Yeah. You know, when it comes to government, I always air on the side of stay out of the way, but you know, it’s going to happen, I think. And if we can put ourselves in a position to take advantage of it, because I think what’s going to happen is Amazon is going to start pulling out of a lot of products. They’re going to start relying more on third party sellers. But the unintended consequences of that is that they’re going to rely on the established sellers more and give more priority to established companies that they can trust and know that they’re doing the right thing. That’s my opinion, the way I kind of see it going because of Amazon can be like, okay, you know, it’s their platform. They just pay us to use it. I think they make more money doing that anyways. It’s a lot esier for them. I don’t know. What are your thoughts on that?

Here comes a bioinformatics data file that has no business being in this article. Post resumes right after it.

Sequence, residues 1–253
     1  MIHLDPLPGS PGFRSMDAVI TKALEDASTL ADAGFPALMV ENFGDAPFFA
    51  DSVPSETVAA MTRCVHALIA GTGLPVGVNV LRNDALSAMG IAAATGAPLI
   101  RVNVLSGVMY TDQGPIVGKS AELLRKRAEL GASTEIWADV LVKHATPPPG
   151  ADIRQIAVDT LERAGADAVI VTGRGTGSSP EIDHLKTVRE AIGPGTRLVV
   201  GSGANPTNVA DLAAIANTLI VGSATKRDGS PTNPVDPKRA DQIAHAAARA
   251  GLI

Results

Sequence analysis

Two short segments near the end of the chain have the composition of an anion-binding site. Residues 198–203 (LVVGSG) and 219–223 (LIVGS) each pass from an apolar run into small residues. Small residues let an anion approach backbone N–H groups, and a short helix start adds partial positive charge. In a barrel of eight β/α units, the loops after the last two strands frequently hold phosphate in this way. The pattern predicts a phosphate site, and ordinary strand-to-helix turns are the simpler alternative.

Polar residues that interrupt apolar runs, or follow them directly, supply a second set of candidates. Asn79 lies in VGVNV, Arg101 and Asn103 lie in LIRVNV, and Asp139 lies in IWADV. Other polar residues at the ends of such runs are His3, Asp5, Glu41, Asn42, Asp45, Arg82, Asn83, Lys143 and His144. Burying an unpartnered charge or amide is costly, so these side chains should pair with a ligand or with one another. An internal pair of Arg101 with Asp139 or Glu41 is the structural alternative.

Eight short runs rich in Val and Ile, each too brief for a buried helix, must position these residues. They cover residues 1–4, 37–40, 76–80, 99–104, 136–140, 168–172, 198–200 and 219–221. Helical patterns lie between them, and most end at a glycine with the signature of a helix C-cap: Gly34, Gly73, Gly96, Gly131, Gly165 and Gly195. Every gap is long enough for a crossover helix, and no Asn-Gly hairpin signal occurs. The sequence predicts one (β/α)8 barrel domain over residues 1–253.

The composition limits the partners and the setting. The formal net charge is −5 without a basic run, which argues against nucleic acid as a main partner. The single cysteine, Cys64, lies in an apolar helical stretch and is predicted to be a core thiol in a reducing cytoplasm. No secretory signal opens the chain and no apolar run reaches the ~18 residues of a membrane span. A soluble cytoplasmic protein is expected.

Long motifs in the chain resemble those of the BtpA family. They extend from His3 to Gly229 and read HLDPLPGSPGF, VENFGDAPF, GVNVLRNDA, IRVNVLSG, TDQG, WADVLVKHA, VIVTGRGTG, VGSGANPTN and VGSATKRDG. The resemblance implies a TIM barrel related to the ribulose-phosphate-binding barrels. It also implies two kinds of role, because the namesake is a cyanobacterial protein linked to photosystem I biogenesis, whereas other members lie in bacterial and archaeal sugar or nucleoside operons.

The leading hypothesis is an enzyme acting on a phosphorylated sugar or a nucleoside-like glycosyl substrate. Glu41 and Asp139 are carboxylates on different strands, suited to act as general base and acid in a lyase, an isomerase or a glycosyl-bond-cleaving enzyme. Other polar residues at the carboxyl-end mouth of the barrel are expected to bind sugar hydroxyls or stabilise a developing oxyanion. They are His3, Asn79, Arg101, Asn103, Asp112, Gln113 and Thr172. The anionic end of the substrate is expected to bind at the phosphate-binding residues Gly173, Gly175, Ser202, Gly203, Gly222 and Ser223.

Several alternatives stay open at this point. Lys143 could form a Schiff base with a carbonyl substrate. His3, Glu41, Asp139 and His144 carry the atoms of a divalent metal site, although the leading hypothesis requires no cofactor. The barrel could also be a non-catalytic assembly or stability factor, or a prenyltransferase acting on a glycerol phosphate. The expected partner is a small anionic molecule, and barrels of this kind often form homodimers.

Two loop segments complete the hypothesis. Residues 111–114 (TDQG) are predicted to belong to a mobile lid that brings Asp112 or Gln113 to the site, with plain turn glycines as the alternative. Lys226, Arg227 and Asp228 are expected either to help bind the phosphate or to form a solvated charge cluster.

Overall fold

Steven Pope (15:00):